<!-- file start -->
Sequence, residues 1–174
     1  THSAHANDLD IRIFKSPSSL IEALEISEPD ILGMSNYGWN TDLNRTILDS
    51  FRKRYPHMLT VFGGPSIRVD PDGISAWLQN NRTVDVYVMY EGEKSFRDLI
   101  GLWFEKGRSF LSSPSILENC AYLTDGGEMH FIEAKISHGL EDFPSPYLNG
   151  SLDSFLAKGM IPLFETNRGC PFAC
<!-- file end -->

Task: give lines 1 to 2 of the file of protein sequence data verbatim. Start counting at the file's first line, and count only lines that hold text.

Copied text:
Sequence, residues 1–174
     1  THSAHANDLD IRIFKSPSSL IEALEISEPD ILGMSNYGWN TDLNRTILDS